I did speak about making friends abroad, the typical challenges we may face, solutions and tips we can implement to make friends more easily. I also spoke at the Expat Woman Summit in 2023 where I spoke about how to overcome loneliness by creating more connections. Similarly to what I shared in the previous question, there are tools and strategies on how to change your emotions (loneliness to connection) without even changing any of your circumstances. I have also shared some insights on how to actually connect with people in a way that will help you to overcome your loneliness.


The Show and the Summit were both an amazing opportunity to meet other expat women. What I realised is how many other expat women are out there who are all experiencing such similar things, despite them living in different countries and having grown up in different countries to me. It’s so reassuring to realise that you’re not alone in what you’re experiencing and that there are people out there who have been in your situation and have found a solution that is now being offered for you to learn too.


6: What are your top tips for women to make friends as an expat?

 

There are 3 steps to make friends as an expat:


  1. Have a good relationship with yourself: In order for you to create more connections and friendships, you need to be fully at peace with yourself. You need to accept everything about you, the good and the bad. It’s important to note that you can still create connections and friendships even if you skip this part, but the quality of those connections will be far worse than if you create connections from a place of self love and self acceptance.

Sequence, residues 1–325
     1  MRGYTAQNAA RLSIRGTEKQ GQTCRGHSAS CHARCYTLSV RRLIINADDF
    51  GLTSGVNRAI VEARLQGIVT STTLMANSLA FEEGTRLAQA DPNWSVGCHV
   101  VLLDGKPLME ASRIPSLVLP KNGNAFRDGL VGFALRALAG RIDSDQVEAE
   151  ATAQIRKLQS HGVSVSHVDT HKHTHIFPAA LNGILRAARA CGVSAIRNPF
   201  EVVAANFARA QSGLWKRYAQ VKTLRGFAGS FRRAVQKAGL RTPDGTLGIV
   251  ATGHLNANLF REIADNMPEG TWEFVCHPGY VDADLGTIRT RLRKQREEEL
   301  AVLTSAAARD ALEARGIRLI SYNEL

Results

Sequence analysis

2. Find the right people: You need to be clear on who you want to create connections with. It’s important to have an idea of who your right friends are, where they hang out and how you can connect with them. Otherwise you will just try and be friends with anyone and will be disappointed if it won’t work out or feel good.

  3. Create connections: To move from acquaintances to friends you need to be consistent, vulnerable and attentive towards the other person. It can take up to 200 hours of good quality time spent together until we call someone a good friend.


It’s all about feeling good within yourself, intentionally connecting with the right people and to keep going and not to give up until you have created the connections you want in your life while maintaining the right mindset.


7: It can be hard hanging on to friends as people move around. How do you foster deep, meaningful friendships or loving connections? What advice do you have for people who may be suffering/struggling? 


Part of being an expat is the idea that we might not stay in one place forever. That goes against many people’s idea of deep and meaningful friendships, because they think those should last for a period of time and they won’t if someone moves away. That’s a thought error. First of all those connections CAN be built relatively quickly and they CAN exist even if someone moves away. Realising this and acknowledging the possibility of that is the first step.


The second thing is: As human beings, everything we do or not do is because we think it will create or prevent a certain emotion. We want deep and meaningful connections because we think it will make us feel a certain way (for example connected, loved, appreciated). And those emotions don’t require a certain time frame for them to be produced, they are being produced as soon as we believe in a thought that creates that emotion. 


When we know that all we want is to feel a certain way and we can feel that way immediately, it frees us up from the expectations that the connections and friendships we form should last for a specific time frame or otherwise they ‘don’t count’ and opens up the idea of us just enjoying the connections and friendships no matter how long they last.